Véronique LaCapra

Science reporter Véronique LaCapra first caught the radio bug writing commentaries for NPR affiliate WAMU in Washington, D.C. After producing her first audio documentaries at the Duke Center for Documentary Studies in N.C., she was hooked! She has done ecological research in the Brazilian Pantanal; regulated pesticides for the Environmental Protection Agency in Arlington, Va.; been a freelance writer and volunteer in South Africa; and contributed radio features to the Voice of America in Washington, D.C. She earned a Ph.D. in ecosystem ecology from the University of California in Santa Barbara, and a B.A. in environmental policy and biology from Cornell. LaCapra grew up in Cambridge, Mass., and in her mother’s home town of Auxerre, France.

Giving teenagers access to free, long-term contraception can dramatically reduce rates of unintended pregnancy and abortion. That's according to new research out of Washington University in St. Louis.

Researchers at Washington University have developed a new vaccine to prevent urinary tract infections caused by catheters. This type of infection is the most common of all infections that patients can get during a hospital stay.

The vaccine is still in its very early stages and has only been tested on mice.

New research from Washington University suggests that schizophrenia is actually a group of eight distinct disorders, each with a different genetic basis.

The findings could eventually open the door to earlier diagnosis and treatment of this debilitating mental disorder, which affects more than 3 million people in the United States.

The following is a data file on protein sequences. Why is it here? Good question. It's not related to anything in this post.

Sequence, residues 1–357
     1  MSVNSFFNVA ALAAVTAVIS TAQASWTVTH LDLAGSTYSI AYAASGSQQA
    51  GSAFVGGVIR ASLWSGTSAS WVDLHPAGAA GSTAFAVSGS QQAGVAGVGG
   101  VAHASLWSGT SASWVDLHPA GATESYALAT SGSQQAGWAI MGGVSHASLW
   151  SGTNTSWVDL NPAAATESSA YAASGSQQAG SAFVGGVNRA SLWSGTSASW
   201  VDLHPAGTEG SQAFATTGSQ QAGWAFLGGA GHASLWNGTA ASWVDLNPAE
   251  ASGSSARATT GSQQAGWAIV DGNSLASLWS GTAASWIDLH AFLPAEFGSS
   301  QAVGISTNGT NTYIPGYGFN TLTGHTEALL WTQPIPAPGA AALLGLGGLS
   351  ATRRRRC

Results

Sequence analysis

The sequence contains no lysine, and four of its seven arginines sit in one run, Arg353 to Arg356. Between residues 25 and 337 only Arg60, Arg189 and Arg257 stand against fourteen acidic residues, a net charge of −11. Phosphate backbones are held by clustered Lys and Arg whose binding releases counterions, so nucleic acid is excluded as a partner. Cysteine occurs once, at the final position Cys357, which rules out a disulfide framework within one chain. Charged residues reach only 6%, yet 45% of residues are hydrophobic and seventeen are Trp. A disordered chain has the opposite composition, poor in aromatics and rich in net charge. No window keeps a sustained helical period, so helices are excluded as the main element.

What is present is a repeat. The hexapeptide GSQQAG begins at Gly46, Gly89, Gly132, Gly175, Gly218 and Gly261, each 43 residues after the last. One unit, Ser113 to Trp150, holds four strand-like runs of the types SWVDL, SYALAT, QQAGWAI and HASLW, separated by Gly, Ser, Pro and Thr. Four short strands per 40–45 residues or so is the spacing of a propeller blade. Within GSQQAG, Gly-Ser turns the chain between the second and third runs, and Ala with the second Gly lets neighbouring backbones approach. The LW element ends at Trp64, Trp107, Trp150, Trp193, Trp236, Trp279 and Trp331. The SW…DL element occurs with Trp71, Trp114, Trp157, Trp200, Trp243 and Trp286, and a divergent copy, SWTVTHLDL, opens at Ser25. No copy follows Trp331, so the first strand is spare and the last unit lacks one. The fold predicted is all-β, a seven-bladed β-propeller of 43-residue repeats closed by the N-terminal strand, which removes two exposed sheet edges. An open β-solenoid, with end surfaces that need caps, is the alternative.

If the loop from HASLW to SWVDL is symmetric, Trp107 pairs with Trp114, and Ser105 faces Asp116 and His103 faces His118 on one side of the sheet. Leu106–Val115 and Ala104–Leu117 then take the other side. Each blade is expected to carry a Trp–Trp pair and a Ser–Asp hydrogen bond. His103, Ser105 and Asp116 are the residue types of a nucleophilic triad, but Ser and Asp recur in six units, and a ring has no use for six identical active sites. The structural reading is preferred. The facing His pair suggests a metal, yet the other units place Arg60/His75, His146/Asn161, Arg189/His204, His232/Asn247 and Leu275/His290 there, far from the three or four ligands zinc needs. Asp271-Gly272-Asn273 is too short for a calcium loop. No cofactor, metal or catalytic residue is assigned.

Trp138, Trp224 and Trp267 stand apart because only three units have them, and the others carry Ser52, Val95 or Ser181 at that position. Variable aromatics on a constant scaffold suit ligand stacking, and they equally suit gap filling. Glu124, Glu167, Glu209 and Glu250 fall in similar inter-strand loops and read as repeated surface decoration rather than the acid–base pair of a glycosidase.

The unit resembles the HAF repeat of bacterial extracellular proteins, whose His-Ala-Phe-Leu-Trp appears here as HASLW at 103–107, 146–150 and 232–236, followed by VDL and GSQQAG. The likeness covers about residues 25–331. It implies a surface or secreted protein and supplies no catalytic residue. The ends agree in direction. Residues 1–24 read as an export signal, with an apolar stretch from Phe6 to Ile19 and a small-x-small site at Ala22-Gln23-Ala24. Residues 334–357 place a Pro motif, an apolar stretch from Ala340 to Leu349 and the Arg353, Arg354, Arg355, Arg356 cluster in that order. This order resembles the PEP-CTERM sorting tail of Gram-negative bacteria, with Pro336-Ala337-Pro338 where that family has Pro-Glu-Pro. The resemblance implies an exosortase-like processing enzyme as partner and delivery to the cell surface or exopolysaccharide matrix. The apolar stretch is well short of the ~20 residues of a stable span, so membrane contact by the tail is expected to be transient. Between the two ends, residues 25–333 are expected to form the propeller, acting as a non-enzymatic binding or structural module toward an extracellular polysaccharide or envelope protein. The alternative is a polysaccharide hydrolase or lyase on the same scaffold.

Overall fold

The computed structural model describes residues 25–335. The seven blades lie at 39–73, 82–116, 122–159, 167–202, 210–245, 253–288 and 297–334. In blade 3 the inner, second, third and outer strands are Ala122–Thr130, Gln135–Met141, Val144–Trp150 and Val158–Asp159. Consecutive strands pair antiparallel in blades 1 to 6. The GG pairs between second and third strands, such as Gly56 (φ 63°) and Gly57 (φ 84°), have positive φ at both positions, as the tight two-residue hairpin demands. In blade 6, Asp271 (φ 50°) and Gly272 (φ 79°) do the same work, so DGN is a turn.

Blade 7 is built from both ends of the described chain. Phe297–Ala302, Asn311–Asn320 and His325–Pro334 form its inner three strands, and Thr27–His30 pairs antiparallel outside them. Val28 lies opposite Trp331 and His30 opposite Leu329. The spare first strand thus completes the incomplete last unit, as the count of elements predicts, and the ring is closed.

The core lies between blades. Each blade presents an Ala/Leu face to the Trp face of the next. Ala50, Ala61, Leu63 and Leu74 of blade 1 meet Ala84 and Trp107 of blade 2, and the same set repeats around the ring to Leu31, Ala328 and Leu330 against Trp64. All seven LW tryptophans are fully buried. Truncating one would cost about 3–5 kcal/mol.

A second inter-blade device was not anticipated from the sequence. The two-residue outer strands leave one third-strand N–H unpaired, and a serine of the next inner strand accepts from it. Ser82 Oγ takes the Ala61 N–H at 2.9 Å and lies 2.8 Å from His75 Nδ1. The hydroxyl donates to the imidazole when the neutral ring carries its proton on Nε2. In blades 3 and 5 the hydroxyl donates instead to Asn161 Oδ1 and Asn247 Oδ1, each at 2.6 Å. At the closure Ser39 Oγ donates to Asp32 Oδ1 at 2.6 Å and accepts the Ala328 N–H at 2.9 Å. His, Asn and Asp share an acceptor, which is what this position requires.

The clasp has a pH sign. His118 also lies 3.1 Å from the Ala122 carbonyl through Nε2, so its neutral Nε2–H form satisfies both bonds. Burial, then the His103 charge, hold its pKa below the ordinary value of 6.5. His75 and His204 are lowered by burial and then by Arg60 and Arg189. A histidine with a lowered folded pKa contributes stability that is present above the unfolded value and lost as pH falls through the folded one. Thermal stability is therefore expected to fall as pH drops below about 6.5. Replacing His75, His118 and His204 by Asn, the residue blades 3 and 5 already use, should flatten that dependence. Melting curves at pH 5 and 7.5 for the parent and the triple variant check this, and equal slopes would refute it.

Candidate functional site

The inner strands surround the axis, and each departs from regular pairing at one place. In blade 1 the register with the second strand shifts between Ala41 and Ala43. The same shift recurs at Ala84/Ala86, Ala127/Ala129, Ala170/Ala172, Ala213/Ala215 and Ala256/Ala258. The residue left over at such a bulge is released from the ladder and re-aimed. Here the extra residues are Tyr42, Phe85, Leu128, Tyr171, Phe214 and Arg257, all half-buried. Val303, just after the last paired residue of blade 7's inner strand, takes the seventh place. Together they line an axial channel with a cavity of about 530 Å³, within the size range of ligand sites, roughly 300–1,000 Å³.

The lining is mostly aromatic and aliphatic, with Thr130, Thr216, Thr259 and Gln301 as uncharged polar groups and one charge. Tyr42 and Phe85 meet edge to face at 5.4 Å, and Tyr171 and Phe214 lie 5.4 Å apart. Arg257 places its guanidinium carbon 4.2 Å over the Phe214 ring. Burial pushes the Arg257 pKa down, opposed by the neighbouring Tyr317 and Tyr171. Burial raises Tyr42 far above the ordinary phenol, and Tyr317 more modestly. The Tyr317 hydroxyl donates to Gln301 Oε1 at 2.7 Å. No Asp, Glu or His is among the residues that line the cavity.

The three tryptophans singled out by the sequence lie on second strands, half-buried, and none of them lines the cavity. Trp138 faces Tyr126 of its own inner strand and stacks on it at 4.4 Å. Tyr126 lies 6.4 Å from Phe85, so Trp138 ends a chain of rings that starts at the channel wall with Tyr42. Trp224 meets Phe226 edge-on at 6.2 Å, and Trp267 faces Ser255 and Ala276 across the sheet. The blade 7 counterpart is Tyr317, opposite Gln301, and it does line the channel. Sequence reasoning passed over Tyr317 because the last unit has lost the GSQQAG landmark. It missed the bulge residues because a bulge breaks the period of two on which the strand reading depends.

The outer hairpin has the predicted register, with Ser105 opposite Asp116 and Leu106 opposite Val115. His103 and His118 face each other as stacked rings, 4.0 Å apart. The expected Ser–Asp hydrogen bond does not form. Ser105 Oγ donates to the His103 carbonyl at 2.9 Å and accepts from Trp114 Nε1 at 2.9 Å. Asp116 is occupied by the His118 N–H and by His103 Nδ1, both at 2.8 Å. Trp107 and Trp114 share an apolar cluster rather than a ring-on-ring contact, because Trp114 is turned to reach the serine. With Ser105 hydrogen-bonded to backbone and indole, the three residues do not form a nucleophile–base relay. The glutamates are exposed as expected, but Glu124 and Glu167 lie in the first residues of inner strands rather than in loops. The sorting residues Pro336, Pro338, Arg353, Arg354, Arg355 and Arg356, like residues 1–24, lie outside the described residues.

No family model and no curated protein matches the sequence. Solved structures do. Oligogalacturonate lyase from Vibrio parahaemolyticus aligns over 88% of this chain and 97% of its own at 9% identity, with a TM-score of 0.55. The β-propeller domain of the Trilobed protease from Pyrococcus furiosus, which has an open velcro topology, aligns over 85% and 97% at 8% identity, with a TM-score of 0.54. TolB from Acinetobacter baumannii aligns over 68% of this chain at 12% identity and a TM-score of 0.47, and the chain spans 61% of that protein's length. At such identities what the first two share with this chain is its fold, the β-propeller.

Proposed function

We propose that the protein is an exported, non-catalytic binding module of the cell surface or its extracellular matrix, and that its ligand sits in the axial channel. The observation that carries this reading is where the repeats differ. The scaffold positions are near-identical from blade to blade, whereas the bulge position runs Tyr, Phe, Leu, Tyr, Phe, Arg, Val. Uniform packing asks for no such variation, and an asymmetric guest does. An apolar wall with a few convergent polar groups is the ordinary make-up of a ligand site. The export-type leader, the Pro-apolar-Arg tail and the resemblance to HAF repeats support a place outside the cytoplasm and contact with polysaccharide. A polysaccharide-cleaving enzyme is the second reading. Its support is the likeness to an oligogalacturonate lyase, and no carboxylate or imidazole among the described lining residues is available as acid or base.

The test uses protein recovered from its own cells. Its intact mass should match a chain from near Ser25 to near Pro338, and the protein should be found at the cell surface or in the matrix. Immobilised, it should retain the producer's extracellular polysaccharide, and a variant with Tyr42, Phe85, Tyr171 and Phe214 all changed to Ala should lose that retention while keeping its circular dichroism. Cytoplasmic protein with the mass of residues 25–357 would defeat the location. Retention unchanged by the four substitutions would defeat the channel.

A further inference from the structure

The U.S. Drug Enforcement Administration on Saturday is sponsoring a nationwide prescription drug take-back event.

Between 10 a.m. and 2 p.m., anyone can turn in their expired or unwanted medications at thousands of police stations, pharmacies, and other sites across the country, including here in St. Louis.

Originally published on Wednesday, February 26, 2014. Updated to include audio from St. Louis on the Air.

It cost billions of dollars and took more than a decade to sequence the first human genome.

 

That was more than ten years ago. Our understanding of human genetics has advanced considerably since then, and these days anybody can find out a lot about their genetic make-up just by sending in a sample of their DNA in the mail.

 

Researchers at the University of Illinois at Urbana-Champaign and Washington University in St. Louis have developed a new device that may one day help prevent heart attacks.

Unlike existing pacemakers and implantable defibrillators that are one-size-fits-all, the new device is a thin, elastic membrane designed to stretch over the heart like a custom-made glove.